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Law enforcement officials are warning against a new viral challenge that may be behind at least one child’s apparent suicide, according to reports.
A 12-year-old girl took her own life in her family’s backyard in Ingeniero Maschwitz, an Argentinian town less than 30 miles from Buenos Aires, the Buenos Aires Times reported.
Investigators are probing whether the girl was motivated to kill herself by the so-called Momo Game, a WhatsApp-based challenge that apparently originated in Japan.
"I believe this needs to be brought to [people’s] awareness so we can talk about it and get other people knowing exactly what they need to look out for,” Shane Andrews, a vlogger from Georgia who has played the game, told InsideEdition.com.
The Georgia-based YouTube creator, whose channel Repzilla “exposes the truth, and uncovers the internet's greatest mysteries,” said those who want to partake in the game communicate with unknown people through the app.
“Momo” will call and message the user, eventually harassing them and demanding they harm themselves, or end their lives.
Andrews said he tried playing the game.
“I was met with some very violent images and text messages that I cannot show,” Andrews said. “The messages were scary. They said that they knew personal things about me which they couldn’t possibly know.”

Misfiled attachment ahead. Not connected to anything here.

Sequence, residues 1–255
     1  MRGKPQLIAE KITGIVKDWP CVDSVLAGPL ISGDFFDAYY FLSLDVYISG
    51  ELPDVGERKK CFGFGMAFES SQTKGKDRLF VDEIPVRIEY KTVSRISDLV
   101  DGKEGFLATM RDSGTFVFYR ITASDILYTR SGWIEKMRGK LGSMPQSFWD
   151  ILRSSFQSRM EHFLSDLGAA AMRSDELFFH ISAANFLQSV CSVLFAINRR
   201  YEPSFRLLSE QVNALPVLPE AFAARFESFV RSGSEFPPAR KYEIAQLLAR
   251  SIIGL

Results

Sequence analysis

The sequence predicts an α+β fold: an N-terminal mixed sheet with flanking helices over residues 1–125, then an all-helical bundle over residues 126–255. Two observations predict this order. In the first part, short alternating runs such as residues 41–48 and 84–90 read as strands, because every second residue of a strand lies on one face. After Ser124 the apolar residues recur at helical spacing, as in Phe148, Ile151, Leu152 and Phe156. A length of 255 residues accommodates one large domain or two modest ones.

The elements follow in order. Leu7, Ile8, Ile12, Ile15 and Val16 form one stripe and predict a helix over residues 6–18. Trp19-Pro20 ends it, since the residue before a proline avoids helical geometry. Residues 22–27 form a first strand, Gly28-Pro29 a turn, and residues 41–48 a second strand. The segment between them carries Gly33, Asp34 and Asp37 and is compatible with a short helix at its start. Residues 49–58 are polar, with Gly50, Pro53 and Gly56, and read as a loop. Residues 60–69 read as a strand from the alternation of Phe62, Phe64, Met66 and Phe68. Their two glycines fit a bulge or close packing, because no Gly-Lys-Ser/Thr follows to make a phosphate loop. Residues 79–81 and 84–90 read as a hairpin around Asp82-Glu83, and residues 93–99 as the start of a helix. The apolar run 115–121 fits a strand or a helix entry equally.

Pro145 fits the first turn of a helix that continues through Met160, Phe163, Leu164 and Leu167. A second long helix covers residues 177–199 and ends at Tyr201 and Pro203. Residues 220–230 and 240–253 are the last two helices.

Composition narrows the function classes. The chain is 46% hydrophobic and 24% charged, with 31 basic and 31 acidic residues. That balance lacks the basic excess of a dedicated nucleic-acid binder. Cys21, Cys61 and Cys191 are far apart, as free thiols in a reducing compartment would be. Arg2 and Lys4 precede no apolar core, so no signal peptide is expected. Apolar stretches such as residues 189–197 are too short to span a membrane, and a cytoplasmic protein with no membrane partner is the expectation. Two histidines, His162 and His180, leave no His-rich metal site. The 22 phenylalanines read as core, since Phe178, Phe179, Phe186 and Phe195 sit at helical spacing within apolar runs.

The communication escalates into challenges, which involve harming oneself, he said.
“They want you to do small tasks, like wake up at odd hours, overcome a fear,” Andrews said. “Then it escalates quickly … [to challenges] like jumping off a house and ending your life. You’re supposed to document these things [on] video."
The 12-year-old girl found dead in Argentina reportedly filmed herself on her phone prior to her death. Investigators suspect someone may have encouraged her to take her own life, the Buenos Aires Times reported.
Police are looking to speak with a person believed to be 18 years old who the girl may have met through social media, according to local newspaper Diario Popular.
“The scariest thing about this is the ease of access,” said Andrews, who noted he will be publishing a video about the challenge on his channel on Wednesday. “Children can easily download the app, can easily be on Facebook. All they have to [do is] hear about it and say, ‘I am going to do that,’ and say, ‘That’s not a big deal’ and then be sucked in by the psychological push and pull of the method.”
WhatsApp said in a statement to InsideEdition.com: "WhatsApp cares deeply about the safety of our users. It's easy to block any phone number and we encourage users to report problematic messages to us so we can take action."